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Published: November 10, 2016
Vietnam Veteran Gets Help at Home in Teller County

Vincent Thoms
Vincent Thoms
Vincent Thoms

By Jessica Bolen


Vincent Thoms is a Vietnam veteran who loves the A-frame home he has in Teller County. The home he shared with his late wife has prominent west-facing windows for an unobstructed mountain view. He can tell you when and where you might find the legendary Cripple Creek donkey herd. However, it was starting to look for Vincent like remaining independent in his beloved home was at risk.

A widower who lives alone, Vincent requires the use of oxygen for a heart problem that probably started with exposure to Agent Orange during his service in Vietnam. He tires easily and doesn’t have the stamina to handle normal housework.

“It’s hard to admit you need help. For veterans, it is awful hard.” Thoms says, as he looks thoughtfully around the interior of his home.

Vincent received a flyer from The Independence Center notifying him of a new program designed to help veterans remain independent in their own homes as long as possible. The program, entitled Veteran in Charge, serves eligible veterans of any age who need assistance with bathing, dressing, transferring, yardwork, transportation, cooking, medication management, etc. Veteran in Charge is a Veteran Directed – Home and Community Based Services (VD-HCBS) program. It supplements—not replaces—Veterans Administration (VA) benefits.

“Veteran directed” means that the veteran self-directs (or appoints an authorized representative to direct) his or her own long-term supports and services by managing budget dollars, choosing which services best meet their needs, and hiring and supervising their own attendants. A contracted agency handles background checks and payroll for attendants.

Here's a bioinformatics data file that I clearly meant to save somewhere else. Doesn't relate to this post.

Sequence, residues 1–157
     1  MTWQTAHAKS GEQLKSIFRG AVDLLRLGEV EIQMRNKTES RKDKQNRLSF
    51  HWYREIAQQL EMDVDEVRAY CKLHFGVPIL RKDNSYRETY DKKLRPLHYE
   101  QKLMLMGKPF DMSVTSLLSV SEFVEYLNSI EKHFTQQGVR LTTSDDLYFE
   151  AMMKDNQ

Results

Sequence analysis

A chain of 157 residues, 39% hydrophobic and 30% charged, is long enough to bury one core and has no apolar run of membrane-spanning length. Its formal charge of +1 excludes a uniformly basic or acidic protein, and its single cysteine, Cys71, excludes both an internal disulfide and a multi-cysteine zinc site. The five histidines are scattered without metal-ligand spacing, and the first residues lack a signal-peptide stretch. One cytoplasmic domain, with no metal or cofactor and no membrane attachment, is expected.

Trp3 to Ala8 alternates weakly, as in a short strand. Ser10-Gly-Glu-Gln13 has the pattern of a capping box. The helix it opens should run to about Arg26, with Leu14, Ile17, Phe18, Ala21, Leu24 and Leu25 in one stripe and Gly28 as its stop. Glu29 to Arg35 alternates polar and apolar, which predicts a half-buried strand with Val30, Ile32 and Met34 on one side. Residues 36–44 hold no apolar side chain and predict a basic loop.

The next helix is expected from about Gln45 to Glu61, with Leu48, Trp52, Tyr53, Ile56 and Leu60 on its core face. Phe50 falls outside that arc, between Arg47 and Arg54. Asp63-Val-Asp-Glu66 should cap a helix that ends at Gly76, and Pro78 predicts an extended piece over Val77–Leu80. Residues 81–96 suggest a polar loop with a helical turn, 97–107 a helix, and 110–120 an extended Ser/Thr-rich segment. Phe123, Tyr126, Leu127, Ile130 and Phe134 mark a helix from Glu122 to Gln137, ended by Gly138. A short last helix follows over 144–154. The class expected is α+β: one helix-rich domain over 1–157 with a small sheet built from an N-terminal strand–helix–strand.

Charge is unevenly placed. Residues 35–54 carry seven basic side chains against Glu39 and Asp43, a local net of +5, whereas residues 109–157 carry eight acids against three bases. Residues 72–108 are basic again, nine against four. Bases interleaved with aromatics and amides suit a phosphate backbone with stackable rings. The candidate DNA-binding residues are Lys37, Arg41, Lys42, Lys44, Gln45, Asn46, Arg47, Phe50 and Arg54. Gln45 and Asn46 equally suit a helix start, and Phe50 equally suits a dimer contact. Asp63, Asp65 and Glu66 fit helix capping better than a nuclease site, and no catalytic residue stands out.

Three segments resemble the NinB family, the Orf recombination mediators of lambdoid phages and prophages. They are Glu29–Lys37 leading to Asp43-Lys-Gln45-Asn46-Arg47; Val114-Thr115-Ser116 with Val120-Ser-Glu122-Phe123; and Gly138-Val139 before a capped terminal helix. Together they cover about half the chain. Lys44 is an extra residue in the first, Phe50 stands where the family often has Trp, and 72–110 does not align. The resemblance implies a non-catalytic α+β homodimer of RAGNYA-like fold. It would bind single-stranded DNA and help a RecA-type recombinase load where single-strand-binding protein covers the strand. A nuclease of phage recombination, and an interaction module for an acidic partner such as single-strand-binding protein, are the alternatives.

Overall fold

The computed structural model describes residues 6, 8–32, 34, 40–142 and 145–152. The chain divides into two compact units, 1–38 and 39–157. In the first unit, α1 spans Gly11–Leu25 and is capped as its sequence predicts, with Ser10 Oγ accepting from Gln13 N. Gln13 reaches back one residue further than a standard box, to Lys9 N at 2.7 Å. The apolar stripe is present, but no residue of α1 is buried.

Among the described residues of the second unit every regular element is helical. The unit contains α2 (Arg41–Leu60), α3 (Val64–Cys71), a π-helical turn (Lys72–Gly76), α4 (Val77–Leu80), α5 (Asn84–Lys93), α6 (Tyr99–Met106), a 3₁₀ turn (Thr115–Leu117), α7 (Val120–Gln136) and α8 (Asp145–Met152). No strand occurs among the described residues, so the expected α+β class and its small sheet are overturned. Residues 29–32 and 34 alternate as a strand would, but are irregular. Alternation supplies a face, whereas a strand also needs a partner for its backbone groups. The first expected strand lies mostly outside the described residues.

“This program has been key to allowing Vincent to remain right where he wants, in his mountain home as a vital participant within his community,” Ashley Billington, Veteran Coach at the Independence Center, explains. “The best part is Vincent gets to determine how he spends his monthly budget. This is huge because Vincent is the expert on his own needs.”

To other veterans who have not yet asked for help, Thoms advises: “Get on this program. It will help you out because you’ll be able to stay in your own house and you’ll have someone come in and help you out. That means a whole heck of a lot. I lost my wife to cancer, so I am by myself. . . . Don’t be afraid to get help.”

Veterans of any age with a disability who need assistance to remain independent in their home are encouraged to start with their VA contact for an eligibility assessment. Veterans who are interested in the Veteran in Charge program may contact Ashley Billington at The Independence Center at (719) 476-3170.

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